Mount Street, Dublin

Mount Street, Dublin

Postby GrahamH » Sat Apr 17, 2010 3:27 am

17/4/2010

It seems this is the official Merrion Square thread!

The scaffolding that has shrouded Nos. 58-61 Lower Mount Street for just under the past year has recently been removed, bestowing an architectural jewel on the city - one which exhibits on a large scale the traditional craft of brick pointing that has finally refined itself in the capital over the past three years.

The group of four houses, for many years in the occupation of the adjoining National Maternity Hospital, stood in a shamefully neglected condition at the north-eastern corner of Merrion Square for as long as many people can remember. Here they are as depicted in Dublin Civic Trust’s Wasting Assets survey back in 2000.

Image


And here they are in the photograph submitted as part of the planning application.

Image


Luckily the application for the houses’ refurbishment and modification for use as offices and consulting rooms was lodged in late 2006, before the fall in the property market. A delay of a year or so appears to have ensued, finally resulting in scaffolding being erected on site in June 2009.

Image


The finished result.

Image


What a marvellous vista of restored, mellowed elegance.

Image


More on the details in a moment. We don’t know much about the origins of these curious houses, as the conservation report, compiled by David Slattery, doesn’t tell us. The report states the obvious, namely that these are late Georgian houses. We are not told in what phases they were built, or most critically of all, why the Victorian additions were carried out, for whom, and exactly when. This is the central interest of these houses – they are almost unique in the city in this respect - and one of the principal reasons an historical assessment would be carried out on them: firstly to assess their significance, and secondly, to inform alterations and retentions as appropriate.

The report is also somewhat confused. Here is the 1797 map, showing what appears to be the beginnings of the buildings we have today, but it's hard to be sure. Note the clear gap in the terrace.

Image


The later 1837 map is described in the report as having a “carriage arch and opening”, when this is clearly still a gap in the terrace.

Image


Here it is again, more clearly, in the revised 1847 map, for which no assessment is included in the report. Again, we can see a full blown gap in the terrace, albeit with a smaller structure consuming part of the plot. The fact this is not a carriage arch can be confirmed by the archway depicted at the bottom right of the map with an X, as is standard all over the map.

Image


So as late as 1847, there would appear to have been a gap in the terrace where the modern-day archway is, with only part of that plot covered where the door is now.

Image

Indeed, just looking at the terrace, we can clearly see that the two grand houses to the left were built as a pair, or at least built contemporaneously (the right-hand one has had a stucco cornice added later), while the two far houses were built later and probably at different times to each other.

This is borne out by looking at the terrace head-on and the variations in brickwork. Spot the infill piggy in the middle anyone?!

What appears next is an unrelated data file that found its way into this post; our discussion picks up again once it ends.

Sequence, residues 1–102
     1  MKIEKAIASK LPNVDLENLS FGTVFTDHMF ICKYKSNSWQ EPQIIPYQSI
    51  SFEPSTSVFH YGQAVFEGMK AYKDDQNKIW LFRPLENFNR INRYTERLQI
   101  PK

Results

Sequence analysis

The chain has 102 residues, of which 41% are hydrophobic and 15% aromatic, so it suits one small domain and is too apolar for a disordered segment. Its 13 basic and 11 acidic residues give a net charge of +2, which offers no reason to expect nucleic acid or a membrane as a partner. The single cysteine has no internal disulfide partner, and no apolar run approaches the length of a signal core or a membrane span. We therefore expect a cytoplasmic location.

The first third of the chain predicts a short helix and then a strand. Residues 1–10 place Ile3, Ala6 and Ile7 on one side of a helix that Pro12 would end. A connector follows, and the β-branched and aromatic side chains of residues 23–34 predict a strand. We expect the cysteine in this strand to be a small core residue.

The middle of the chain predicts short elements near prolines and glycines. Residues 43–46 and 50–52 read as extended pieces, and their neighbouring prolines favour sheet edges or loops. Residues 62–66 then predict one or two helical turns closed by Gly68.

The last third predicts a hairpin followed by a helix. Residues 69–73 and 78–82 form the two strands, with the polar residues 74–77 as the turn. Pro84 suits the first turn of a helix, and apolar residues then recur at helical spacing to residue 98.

Image

It would appear the two grand houses and the far right one were built at roughly the same time, while the middle one with archway was inserted, or at least aggrandised from a smaller structure, at a later date.
GrahamH
Old Master
 
Posts: 4580
Joined: Tue Oct 15, 2002 11:24 am
Location: Ireland

Re: Pyramid in Merrion Square

Postby GrahamH » Sat Apr 17, 2010 3:29 am

The aerial view also seems to tell us this.

Image


As shown earlier, some time in the mid-19th century, probably c. 1855-65, the ground floors of three of the buildings were merged into what seems to have been a new commercial premises. They were adorned with the typical trappings of adaptive Victoriana, peculiar to this part of the city, with apparently Roman cement stucco dressings and render coat, as seen in places like Westland Row and Dawson Street. Handsomely and robustly detailed, they added a dash of decorative interest to proceedings without undoing the reticence of the wider streetscape. A central carriage arch and attractive cast iron railings were also added as part of the improving ensemble.

Image

As can be seen above, an array of one-over-one and two-over-two sash windows were installed as part of the modification. So where are they now?

Image

This array of fenestration was an intrinsic part of the history of these buildings. Why on earth ditch them in favour of mock-Georgian sashes? The very fact that the evolution of these buildings into a commercial or institutional premises of some kind was not highlighted in the conservation report, has led to the windows' disposal in favour of a window type that never existed on these buildings at the same time as the stucco adornments.

Furthermore, it was proposed in the conservation report that the one-over-ones be retained at shop front level. Yet even these have been replaced with Georgian windows, when this shop front never had Georgian windows. The result? Squat panes that are almost square in dimension.

Image


Of course the real reason for all of this was to get double glazing in right across the building. This development is the first of its kind on such a scale to use what appears to be Slimlite glazing from the UK. The thickness of the double glazed units goes barely a few millimetres beyond a thick sheet of glass.

Image

The problem is that these panes are held in position using timber beading instead of putty (though apparently they can be used with putty), so the traditional method is lost. Secondly, the appearance of the profile of the window is markedly different to the passerby, with black lines running parallel to each glazing bar.

Image

It is quite jarring on an historic building.

It has to be said though, the profiles from a distance are spot on. There’s no faulting the head-on appearance.

Image

Saying that, the bars are at their maximum width. Add 50 years of layers of paint and the bars will probably be wider than a traditionally made window of similar age.

In addition to this, the conservation report clearly shows 1830-40 type horns on the surviving original Georgian windows to the rear of the two right-hand houses. These were not replicated on the front of the houses in the repro windows. Why not? So now we have incongruously modern, historically incorrect, inaccurately detailed and blatantly misleading windows in at least two houses of this development.